Some (until now) unwritten rules I set myself:This is the final in the series on great copywriters. There are many out there but these five are very representative of what makes for greatness in the craft of copywriting. So I hope you got enough insight and direction from David, John, Susie, Barbara and Mary to help you make your own copywriting great.
- Know when to shut up. The best copywriting isn’t always in the lines. It’s also between them.
- Know there’s always a fresh way to tell an old, old story. Stand-up comedians are brilliant at this, taking the most mundane subject — life — and retelling it in ways that make us laugh, wonder and think.
- Know your target audience. Not intellectually, but intuitively. Think like them, empathise with them, identify with them. Because at some level, the reader needs to like the writer.
- Know that we are all creative creatures. Everyone enjoys the quirks and whimsy of creativity. You don’t have to logic people into a corner, you can charm them into wanting to come out and play.
- Clive James said that humour is common sense dancing. Following the great advertising tradition of “borrowing” from someone much cleverer, I would say that copywriting is persuasion dancing. So if it doesn’t dance, go back and do it again until it does.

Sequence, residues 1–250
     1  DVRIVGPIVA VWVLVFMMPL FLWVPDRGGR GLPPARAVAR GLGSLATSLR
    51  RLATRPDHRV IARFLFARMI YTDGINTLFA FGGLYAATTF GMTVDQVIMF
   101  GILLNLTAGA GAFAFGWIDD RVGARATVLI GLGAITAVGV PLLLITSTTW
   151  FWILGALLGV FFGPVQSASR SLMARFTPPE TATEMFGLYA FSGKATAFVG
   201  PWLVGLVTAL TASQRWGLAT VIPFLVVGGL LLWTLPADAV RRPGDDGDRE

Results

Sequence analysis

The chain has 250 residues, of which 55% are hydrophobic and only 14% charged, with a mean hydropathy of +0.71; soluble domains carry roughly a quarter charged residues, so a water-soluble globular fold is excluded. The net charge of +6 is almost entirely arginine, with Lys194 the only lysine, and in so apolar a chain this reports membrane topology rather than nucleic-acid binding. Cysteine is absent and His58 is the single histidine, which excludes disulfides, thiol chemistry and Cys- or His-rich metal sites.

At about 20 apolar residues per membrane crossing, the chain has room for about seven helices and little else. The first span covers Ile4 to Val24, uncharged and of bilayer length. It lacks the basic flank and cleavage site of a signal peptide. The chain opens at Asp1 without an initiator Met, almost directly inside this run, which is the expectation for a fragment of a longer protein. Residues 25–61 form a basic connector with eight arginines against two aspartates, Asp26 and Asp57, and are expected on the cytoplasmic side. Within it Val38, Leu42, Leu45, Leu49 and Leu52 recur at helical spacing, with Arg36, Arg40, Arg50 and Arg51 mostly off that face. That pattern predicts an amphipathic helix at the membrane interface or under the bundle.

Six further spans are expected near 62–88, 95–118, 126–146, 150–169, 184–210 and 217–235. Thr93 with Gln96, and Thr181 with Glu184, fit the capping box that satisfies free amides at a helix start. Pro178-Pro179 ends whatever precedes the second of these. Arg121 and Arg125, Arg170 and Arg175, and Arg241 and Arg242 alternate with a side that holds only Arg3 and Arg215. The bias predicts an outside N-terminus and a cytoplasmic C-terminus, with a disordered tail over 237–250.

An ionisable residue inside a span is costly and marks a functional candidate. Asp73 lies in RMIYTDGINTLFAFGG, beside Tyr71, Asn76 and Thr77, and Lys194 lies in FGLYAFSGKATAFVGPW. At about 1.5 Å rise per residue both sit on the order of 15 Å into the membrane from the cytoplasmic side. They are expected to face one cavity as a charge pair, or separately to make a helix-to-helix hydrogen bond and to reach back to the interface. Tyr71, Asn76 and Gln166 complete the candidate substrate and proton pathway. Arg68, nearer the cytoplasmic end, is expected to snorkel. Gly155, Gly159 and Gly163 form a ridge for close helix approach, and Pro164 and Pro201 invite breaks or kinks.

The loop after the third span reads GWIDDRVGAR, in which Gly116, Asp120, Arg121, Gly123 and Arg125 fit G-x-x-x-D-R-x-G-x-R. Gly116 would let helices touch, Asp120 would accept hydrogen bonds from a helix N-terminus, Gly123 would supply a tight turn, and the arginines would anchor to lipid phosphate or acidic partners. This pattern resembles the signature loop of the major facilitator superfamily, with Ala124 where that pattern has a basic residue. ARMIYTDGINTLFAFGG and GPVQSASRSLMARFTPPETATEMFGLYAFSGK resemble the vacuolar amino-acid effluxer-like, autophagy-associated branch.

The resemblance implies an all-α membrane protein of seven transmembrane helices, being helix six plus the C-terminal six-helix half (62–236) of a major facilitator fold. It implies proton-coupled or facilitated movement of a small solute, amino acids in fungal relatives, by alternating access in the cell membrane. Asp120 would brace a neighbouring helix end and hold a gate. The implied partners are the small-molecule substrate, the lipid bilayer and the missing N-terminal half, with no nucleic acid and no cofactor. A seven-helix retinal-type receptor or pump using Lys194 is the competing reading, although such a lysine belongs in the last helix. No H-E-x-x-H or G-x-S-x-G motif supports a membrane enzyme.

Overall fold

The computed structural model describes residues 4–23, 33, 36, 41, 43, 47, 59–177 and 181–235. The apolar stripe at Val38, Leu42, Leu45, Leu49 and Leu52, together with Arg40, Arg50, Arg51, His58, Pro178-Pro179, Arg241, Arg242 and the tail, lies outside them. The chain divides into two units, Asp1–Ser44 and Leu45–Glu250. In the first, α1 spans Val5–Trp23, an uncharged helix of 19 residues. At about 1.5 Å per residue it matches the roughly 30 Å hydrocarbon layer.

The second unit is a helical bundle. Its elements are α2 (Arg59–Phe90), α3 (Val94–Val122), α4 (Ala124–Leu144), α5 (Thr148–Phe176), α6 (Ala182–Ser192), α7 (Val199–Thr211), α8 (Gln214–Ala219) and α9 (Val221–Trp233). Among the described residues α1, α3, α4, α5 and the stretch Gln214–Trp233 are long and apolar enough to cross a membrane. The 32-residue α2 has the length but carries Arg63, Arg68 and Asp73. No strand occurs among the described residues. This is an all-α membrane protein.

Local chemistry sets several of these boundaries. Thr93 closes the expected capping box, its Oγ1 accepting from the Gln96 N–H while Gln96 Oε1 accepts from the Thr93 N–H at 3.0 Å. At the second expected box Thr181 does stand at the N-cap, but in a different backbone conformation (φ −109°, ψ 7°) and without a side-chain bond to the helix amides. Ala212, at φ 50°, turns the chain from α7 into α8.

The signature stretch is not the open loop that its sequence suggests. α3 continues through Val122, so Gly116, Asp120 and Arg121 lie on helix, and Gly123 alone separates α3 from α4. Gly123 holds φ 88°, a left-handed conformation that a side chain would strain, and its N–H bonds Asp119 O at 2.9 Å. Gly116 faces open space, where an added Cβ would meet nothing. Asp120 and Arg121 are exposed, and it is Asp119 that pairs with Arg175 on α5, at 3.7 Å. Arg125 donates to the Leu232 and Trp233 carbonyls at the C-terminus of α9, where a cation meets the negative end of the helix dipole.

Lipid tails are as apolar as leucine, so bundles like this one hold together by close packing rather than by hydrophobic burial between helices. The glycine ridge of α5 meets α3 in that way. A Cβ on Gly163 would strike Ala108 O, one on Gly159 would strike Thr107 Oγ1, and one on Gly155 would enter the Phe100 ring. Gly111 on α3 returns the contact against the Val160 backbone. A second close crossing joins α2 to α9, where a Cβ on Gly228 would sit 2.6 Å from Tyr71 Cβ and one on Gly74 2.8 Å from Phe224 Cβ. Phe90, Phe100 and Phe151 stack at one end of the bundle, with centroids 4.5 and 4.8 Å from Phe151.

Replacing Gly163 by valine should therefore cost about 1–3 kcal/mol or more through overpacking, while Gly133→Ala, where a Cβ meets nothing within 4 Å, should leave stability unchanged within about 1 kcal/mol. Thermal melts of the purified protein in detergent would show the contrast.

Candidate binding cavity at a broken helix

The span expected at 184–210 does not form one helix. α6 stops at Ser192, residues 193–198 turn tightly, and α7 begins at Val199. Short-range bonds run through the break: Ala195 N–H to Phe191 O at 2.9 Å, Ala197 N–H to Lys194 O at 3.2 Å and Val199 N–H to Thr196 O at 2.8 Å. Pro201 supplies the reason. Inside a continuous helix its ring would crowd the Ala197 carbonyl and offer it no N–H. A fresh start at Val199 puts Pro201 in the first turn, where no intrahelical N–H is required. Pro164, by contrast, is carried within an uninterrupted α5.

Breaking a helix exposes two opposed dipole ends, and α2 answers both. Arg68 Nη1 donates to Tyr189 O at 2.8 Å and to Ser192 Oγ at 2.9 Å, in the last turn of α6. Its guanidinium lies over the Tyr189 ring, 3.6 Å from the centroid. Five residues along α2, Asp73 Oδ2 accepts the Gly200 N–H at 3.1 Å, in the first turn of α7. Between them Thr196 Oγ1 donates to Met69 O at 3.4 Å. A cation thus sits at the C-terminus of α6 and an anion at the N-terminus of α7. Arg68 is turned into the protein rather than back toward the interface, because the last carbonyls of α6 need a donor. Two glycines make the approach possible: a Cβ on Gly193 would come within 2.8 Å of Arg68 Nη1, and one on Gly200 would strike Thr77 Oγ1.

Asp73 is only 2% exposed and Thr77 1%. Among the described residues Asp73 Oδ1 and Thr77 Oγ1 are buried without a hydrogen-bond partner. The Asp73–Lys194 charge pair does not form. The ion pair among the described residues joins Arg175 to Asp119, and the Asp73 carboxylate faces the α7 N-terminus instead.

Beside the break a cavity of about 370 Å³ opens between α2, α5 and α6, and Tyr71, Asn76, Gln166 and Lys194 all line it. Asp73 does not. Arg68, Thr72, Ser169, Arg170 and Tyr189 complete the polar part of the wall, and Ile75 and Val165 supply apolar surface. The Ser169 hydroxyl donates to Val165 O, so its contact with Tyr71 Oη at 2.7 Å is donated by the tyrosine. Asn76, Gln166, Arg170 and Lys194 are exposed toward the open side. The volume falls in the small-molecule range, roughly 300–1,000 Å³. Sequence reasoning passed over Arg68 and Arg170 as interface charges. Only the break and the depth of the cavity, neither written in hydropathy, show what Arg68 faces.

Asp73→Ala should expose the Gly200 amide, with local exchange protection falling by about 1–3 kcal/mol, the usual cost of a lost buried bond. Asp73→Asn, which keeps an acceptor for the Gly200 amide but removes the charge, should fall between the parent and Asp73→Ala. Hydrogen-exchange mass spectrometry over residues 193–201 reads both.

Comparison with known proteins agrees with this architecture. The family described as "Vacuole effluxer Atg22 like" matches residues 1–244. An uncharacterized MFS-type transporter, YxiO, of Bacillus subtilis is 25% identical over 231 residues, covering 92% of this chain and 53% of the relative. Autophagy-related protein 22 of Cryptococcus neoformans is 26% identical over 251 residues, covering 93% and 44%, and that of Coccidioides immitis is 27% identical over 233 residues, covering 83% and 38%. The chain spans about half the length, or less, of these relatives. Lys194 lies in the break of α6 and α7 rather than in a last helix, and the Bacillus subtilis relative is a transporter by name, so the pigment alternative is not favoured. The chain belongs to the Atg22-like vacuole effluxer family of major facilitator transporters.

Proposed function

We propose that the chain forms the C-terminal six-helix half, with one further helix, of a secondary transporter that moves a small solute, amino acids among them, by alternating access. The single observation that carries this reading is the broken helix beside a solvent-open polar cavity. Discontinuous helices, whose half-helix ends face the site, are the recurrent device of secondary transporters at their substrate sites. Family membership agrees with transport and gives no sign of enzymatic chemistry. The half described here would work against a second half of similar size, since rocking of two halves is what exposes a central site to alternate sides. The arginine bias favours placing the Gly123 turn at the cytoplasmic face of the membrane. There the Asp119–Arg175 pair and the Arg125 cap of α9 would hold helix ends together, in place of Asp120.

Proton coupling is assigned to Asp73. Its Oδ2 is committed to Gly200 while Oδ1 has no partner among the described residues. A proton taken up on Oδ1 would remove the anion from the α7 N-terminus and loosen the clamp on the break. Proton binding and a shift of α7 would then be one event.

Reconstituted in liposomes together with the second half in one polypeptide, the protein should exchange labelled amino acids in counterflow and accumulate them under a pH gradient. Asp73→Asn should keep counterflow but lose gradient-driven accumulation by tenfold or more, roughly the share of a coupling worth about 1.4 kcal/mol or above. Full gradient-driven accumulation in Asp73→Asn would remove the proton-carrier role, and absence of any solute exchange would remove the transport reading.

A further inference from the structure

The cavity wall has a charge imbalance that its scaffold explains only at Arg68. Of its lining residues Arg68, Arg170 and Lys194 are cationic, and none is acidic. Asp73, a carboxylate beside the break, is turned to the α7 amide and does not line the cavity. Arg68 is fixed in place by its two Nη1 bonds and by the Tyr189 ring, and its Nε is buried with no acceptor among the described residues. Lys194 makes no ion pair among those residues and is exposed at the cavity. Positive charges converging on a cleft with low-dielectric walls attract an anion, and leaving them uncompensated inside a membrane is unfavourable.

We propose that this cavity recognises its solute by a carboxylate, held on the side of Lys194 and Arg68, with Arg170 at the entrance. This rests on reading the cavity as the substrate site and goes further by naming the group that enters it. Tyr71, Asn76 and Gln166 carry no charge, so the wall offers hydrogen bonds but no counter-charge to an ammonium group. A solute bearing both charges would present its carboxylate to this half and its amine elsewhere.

Until my recent conversation with Mary Wear, I always associated writing with music. When the beats and rhythms of the sentences sing the story forward, I know the writing’s done — music is my measure of accomplishment. But Mary comes down from the bandstand and onto the dance floor with her audience. ‘Copywriting is “persuasion dancing”, she explains, ‘if it doesn’t dance, go back and do it again until it does.’ She admits borrowing that line from someone cleverer than the both of us at the speech-come-writing-come-broadcasting line of work — the incisively witty Clive James. He describes humour as ‘common sense dancing’. If Clive says so, then it has to be true in my books too. So now that we know Mary’s favourite dance partner, let’s dance. Step #1: Nothing Extra Her proudest achievement is the MAKE POVERTY HISTORY campaign. Here was a classic story of from small beginnings, big things grow. And according to Mary, the growing was exponential. There was zero budget, zero plan and only a fraction more than zero social media. But there was a driving force. He was Richard Curtis of Four Weddings and a Funeral fame. But as with all driving forces, it needs something to drive. In this case, it needed a vehicle in which to express an ambition and call the world to action. Enter the driving force’s GPS: ‘I had a wonderful planner (strategist) who boiled down the ambition to just a few words – the desire to work towards stopping extreme poverty worldwide for once and for all.’ With that, Mary wrote a handful of lines, ‘probably only 6 or so, unusually, normally I would write between 15 to 20’. When she wrote the line LET’S MAKE POVERTY HISTORY, her creative director drew a line through the word ‘Let’s’ and without a beat, everyone saw the greatness. ‘Then it just mushroomed and suddenly I was watching Nelson Mandela in Trafalgar Square in front of a MPH poster, repeating the line to huge crowds and cheers’. She describes the campaign as a ‘triumph of low-tech viral, buoyed along on good will, and the genuine desire to change the world.’ How a zenmasterstroke edit, three choice words, arranged with natural poetics, can get millions of people all dancing in step. That’s copywriting at it’s most powerful. That’s Mary Wear. ‘I’ve always thought that copywriters should write less and say more,’ Mary tells me … and you. ‘I’m sure your readers know that you need to have something worth saying first and foremost – not profound or earth-shattering, just something true – and then you let your subconscious take over and keep at it till you feel there is nothing more to say.’ Step #2: Nothing Addy. Perhaps Mary’s knack for game changing headlines was already evident as a young, inexperienced copywriter who came up with the STARVE A METER concept with her equally young and inexperienced art director. ‘We managed to completely cock up the model of the meter – getting a model made that just didn’t tell the story. It was just rubbish and the photographer was at a loss what to do. Fortunately, our creative director said it was too good an idea to mess up, let’s cut our losses and try again. We happened to know a very young photographer who was also a genius model maker – and it went on to win awards and also get us our job at Gold Greenlees & Trott, under the legendary Dave Trott. So I guess the moral is, if you mess it up, don’t give up on it.’ When it comes to the line itself, Mary gives us a very important insight into what makes for that necessary connection with your audience, ‘I love lines whose words appear to have nothing obviously to do with the product you are actually selling. Where the reader is happy to fill in the gap and supply the justification for you’. It’s not ‘addy’ in other words. The point is made without being pushy, predictable or portentous. Instead, the line allows readers to engage in the story in a way that’s relevant to their own story. A dance of two stories, if you like. Step #3: Nothing But Insight Mary’s Clinically Proven poster is a great example of what we call a ‘headless ad’. A risky move. Especially if you think, like Mary does, that copywriters should write less. But … no headline and all copy? Mary explains that this was another example of great strategic thinking by the planner. ‘Sadly I can’t remember her name but she was super bright and came up with the notion of targeting young women on the subject of ruining your looks. Death is no threat to twenty somethings of either sex, but actively compromising your looks hit home.’ As you can see, an insight is enough to lead you to a great idea, so cherish the strategy planner. And if you don’t have one, be one before you start writing. But that doesn’t explain the headlessness of the poster. Mary sheds the light, ‘I was also very interested in the idea of people reading the whole poster (at the time, 99% of body copy went un-read in print). Being terminally lazy, I bitterly resent wasting energy on stuff that people ignore, so we combined headline and copy and I framed the argument in a length that I felt was about as much as people would read. I remember walking through a tube station and seeing girls standing in front of this poster actually reading it. That was quite a buzz!’ 99% of copy went un-read? That’s a frightening statistic for us scribers. But then Mary forgets to mention that she like to exaggerate, so don’t stop writing dear readers. The point is that 99% of pushy, predictable or portentous copy goes un-read. Just have a read of this poster and you’ll see why 100% of it was read by the target audience. And why it doesn’t need a headline to begin with. I extend my gratitude to Mary for sharing her time and talent so that CWiA’s readers can go back to their writing a little more wiser. I still think the copy needs to sing (move the story forward), but it also has to dance (engage the audience). It’s a song and dance act, really. When you get into the groove, they get up to move. Mary’s summed it all up in 5 easy dance steps and here they are, as published in The Copy Book: How some of the best advertising writers in the world write their advertising: